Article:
Tax audits of the super-rich IRS have plummeted for over a decade, a government report says

The headquarters of the Internal Revenue Service in Washington, DC

Andreas Harrer | Bloomberg | Getty Images

The wealthiest Americans have their taxes audited at a far lower rate than they did more than a decade ago, in large part due to staffing and funding constraints at the Internal Revenue Service, a new report says.

The accounting rate for Americans making more than $5 million a year fell from over 16% in 2010 to just over 2% in 2019, according to a report by the Government Accountability Office, a federal regulator. That means only about 1 in 50 high earners were audited in 2019, compared to about 1 in 6 in 2010.

The decline in auditing, particularly among the wealthy, has become a heated political issue in Washington. The report estimates that taxpayers underreported their income taxes by a total of $245 billion a year between 2011 and 2013, and said that “taxpayers are more likely to voluntarily comply with tax laws when they believe their tax returns can be audited.”

The main reason for the decline is a lack of IRS funding, according to the report. In fiscal 2021, the agency’s budget was $11.9 billion — $200 million less than the 2010 budget.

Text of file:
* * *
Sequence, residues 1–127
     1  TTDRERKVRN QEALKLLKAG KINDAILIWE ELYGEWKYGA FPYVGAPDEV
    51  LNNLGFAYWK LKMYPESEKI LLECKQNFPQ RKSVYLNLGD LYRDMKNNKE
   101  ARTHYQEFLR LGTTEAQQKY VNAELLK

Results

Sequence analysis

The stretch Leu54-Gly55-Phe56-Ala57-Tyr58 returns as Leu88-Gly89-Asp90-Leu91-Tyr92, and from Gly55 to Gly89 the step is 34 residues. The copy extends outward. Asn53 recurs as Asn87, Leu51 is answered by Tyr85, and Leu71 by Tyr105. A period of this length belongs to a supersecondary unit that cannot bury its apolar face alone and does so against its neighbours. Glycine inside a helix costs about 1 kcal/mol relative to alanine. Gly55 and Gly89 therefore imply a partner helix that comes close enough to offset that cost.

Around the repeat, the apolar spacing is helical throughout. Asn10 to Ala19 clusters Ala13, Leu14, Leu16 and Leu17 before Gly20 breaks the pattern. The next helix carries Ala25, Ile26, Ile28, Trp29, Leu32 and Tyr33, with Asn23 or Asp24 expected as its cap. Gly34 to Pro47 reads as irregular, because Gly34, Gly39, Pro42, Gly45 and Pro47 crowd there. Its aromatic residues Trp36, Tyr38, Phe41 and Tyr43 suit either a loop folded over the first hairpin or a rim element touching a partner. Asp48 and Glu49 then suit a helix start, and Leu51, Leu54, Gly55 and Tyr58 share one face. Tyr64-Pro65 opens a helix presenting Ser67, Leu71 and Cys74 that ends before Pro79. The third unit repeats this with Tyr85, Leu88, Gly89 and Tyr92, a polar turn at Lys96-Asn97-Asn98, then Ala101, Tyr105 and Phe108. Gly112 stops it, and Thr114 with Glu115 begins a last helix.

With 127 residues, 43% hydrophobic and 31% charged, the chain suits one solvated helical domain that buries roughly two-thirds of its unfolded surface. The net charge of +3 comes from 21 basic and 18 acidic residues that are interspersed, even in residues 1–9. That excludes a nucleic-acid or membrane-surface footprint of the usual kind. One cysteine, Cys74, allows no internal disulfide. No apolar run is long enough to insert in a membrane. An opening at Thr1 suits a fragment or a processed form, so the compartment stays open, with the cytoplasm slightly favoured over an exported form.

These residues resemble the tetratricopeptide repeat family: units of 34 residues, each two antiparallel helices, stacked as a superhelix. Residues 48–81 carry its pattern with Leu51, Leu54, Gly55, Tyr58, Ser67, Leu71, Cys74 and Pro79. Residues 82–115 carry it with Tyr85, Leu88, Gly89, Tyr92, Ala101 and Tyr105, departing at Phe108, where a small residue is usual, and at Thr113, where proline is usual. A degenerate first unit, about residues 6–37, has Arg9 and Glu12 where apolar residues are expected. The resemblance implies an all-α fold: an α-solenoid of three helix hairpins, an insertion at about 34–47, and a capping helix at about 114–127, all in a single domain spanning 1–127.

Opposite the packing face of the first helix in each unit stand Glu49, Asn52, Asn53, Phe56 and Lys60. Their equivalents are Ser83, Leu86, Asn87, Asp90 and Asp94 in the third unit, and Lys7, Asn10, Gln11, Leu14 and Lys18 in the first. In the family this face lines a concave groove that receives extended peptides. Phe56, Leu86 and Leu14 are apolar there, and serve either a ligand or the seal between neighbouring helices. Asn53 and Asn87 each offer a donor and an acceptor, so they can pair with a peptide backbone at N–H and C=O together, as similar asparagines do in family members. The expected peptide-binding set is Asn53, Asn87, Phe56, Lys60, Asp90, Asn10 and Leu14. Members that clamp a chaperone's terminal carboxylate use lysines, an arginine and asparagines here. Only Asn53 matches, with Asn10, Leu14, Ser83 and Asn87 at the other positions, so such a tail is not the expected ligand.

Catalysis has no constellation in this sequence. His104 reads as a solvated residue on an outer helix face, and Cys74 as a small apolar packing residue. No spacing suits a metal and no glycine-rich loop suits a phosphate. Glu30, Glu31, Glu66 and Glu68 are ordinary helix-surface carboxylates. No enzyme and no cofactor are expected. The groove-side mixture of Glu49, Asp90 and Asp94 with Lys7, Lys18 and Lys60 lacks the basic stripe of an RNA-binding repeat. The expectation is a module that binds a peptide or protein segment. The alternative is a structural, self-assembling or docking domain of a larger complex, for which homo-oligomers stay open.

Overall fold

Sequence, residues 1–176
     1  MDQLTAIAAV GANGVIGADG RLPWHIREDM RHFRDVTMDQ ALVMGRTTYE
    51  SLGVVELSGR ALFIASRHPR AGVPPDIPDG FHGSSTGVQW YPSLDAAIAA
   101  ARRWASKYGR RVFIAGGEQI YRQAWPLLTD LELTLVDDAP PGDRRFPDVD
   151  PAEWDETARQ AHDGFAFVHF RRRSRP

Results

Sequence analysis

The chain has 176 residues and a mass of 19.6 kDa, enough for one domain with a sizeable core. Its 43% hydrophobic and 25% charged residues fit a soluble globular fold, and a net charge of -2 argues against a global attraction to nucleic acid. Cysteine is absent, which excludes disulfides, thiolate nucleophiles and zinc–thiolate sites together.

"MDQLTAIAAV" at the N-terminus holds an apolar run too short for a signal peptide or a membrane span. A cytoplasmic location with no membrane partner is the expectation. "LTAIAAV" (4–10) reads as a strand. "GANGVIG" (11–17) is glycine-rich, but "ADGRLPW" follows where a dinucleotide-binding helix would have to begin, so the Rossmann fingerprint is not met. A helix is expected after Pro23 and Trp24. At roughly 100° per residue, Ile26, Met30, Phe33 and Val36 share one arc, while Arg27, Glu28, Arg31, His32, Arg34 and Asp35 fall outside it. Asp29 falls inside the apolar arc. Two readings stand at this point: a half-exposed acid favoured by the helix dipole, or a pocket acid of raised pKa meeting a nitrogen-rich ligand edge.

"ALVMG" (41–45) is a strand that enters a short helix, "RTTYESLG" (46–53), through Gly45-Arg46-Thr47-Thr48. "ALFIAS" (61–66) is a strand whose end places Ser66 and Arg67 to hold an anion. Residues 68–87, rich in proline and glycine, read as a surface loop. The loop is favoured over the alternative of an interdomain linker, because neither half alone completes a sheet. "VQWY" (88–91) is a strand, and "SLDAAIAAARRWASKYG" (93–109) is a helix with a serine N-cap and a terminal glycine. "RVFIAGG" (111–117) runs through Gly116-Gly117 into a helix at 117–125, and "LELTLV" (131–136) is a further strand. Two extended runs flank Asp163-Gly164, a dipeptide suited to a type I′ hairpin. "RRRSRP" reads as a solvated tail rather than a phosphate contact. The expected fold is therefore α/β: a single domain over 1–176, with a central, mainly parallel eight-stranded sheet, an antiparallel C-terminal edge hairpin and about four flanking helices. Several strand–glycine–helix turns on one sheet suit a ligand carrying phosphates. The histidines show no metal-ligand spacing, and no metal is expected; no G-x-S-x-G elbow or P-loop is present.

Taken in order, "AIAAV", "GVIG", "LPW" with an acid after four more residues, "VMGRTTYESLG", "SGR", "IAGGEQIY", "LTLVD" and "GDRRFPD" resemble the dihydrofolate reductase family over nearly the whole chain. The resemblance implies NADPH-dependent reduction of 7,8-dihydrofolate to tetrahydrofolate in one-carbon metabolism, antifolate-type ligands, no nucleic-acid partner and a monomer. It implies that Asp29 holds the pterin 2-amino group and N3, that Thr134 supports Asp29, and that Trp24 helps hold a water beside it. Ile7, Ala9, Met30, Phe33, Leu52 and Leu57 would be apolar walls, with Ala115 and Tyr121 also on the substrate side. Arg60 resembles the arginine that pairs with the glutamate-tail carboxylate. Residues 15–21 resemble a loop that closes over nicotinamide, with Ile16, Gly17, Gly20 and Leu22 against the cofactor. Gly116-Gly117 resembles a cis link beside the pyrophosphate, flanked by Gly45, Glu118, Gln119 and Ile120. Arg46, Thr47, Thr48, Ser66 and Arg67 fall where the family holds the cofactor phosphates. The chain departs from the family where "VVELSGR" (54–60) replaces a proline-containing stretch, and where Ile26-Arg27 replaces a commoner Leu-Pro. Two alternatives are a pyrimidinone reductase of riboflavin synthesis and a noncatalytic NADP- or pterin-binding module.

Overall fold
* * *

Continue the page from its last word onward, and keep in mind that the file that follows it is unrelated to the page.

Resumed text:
The IRS has also seen its staffing levels drop to the same level as in 1973, despite millions more returns to be processed and additional mandates to be filled. In March, the IRS announced that it plans to hire 10,000 employees to help it fill a backlog of 20 million unprocessed tax returns.

President Joe Biden and Congressional Democrats have proposed investing $80 billion in new technology and more auditors at the IRS to increase tax revenue by $700 billion over 10 years. Republicans say the agency failed to provide adequate evidence of the size of the “tax gap” — or the amount of uncollected taxes — and was prone to data leaks and inefficiency.

The decline in funding and accountants means that taxpayers, and particularly the top earners, are far less likely to be caught underpaying their taxes than they were a decade ago. Overall audit rates for American taxpayers fell from 0.9% in 2010 to 0.2% in 2019.

The rich are still taxed at a higher rate than the general taxpayer population. However, their exam rates have declined much more sharply. The audit rate for taxpayers with incomes between $5 million and $10 million fell from 13.5% to 1.4%.

For earners greater than $10 million, the audit rate fell from 21.2% in 2010 to 3.9% in 2019, while audit rates for earners over $10 million in tax years 2017 and 2018 increased by mandate the Treasury Department to impose a scrutiny raised interest rates slightly by at least 8% for those earning $10 million or more.

“This is further evidence of the fallout of two decades of IRS budget cuts,” said Howard Gleckman, senior fellow in the Urban-Brookings Tax Policy Center at the Urban Institute. He added that given the staff shortages and IRS backlogs during the pandemic, “I suspect 2020 was far worse.” Tax audits of the super-rich IRS have plummeted for over a decade, a government report says

Gary B. Graves

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